Monday, May 5, 2008

Caramelized Ginger-Pear Galette with Blue Cheese Creme Anglaise and Bacon


I busted this one out on a new friend for whom I made dinner for the first time last night. Dinner itself consisted of grilled pork chops which had been brined with apple, sage and garlic, spaetzle with mustard and sage butter and grilled asparagus with thyme. All served up with a nice Montepulciano which was on sale at New Seasons (it's a good thing neither of us are wine snobs...).

I've been playing around with galettes lately. It's a good way to practice one's pie chops without committing to something as large as an actual pie. It all starts with a good dough. I used Shuna's, for a couple reasons. First, it's a great pie dough recipe which doesn't incorporate lard or shortening. Second, it's the only pie dough recipe currently in my repertoire. Whichever dough you go with (and no, there's no shame in using store bought, although it kind of defeats the purpose of the whole, y'know, cooking experience), roll it into a log and cut it into roughly half inch sections:


Roll each section out into a rough circle, about 1/8 inch thick and seven or eight inches in diameter:


At this point, you're ready to make the filling:

3 pears, of your choosing, sliced thinly
2 Tbsp crystalized ginger, finely chopped
1 Tbsp all purpose flour
1/2 tsp cornstarch
2 Tbsp sugar
Juice of one lemon
Zest of one lemon
2 Tbsp unsalted butter

Melt the butter in a large saute pan over medium heat, and saute the pears and ginger with half of the sugar:


Once the pears have softened and caramelized a bit (they won't take on a great deal of color, the way caramelized onions do), Add the juice, zest and the rest of the sugar. Cook this down a bit, add the flour and cornstarch and cook it for a few more minutes, until it's taken on a thick consistency and take it off the heat.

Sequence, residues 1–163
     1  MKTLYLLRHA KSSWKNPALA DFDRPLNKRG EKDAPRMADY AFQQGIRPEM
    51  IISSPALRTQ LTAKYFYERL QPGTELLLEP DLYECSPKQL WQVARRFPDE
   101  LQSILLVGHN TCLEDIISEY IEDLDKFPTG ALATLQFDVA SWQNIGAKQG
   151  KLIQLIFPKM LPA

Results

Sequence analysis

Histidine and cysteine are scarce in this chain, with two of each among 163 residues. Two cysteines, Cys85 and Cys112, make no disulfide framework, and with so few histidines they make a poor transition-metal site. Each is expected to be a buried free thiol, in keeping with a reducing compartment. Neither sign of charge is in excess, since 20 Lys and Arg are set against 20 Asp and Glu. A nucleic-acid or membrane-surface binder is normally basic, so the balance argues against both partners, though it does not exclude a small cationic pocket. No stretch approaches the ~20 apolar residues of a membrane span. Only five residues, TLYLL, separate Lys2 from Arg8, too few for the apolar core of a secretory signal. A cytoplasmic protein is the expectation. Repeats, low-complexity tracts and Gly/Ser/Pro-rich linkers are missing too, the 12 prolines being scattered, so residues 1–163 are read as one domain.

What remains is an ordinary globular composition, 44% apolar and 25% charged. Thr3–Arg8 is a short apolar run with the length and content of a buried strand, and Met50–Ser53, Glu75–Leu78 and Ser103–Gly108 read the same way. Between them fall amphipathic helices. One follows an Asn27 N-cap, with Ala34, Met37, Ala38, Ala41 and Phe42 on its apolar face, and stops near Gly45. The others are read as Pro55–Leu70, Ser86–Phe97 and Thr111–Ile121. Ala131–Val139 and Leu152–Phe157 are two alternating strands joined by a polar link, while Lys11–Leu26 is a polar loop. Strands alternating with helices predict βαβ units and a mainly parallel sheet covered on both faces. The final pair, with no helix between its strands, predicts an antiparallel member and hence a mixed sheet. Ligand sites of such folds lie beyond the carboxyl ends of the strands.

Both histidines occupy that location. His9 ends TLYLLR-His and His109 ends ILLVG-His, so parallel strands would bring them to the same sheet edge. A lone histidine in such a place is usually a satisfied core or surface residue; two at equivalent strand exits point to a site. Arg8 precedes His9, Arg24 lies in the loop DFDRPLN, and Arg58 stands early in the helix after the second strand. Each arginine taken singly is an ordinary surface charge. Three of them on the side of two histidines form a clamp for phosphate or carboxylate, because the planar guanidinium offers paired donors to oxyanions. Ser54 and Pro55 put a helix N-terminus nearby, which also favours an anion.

Sprinkle the dough circles with a 50/50 combination of flour and cornstarch. This will prevent the dough from becoming saturated by the filling:


Next, spoon a small amount of the filling onto each circle, keeping it about an inch from the edge:


Fold up the edges around the filling:


Put the galettes into a pre-heated oven at 400F for one hour, rotating once halfway through. When they're done, they should look something like this:


To make the creme anglaise, beat three egg yolks and set aside. Bring one cup of heavy cream and a few ounces of crumbled blue cheese just to the boil in a large saucepan. Take off the heat, and temper the egg yolks by whisking the hot dairy, a small amount at time, into the yolks, until about half of the dairy has been incorporated. Then pour this back into the rest of the dairy and keep on a very low flame, whisking frequently, until ready to use.

Fry up some finely chopped bacon. Plate the galette, sauce with the anglaise, and sprinkle with bacon. And enjoy.

So you're probably wondering, how did my new friend like her galette? Well, she never tasted it. We finished dinner, went over to Vincente's for a drink, came back and... got distracted. I guess I'll have to pawn them off onto my co-workers.

3 comments:

Anonymous said...

Sounds yummy! You can try this on me next time I'm out. LGS

Risa Dale said...

Sorry I never got to eat them- they look deeelicious...maybe next time?

tommy said...

I'm thinking the next galette project might involve figs...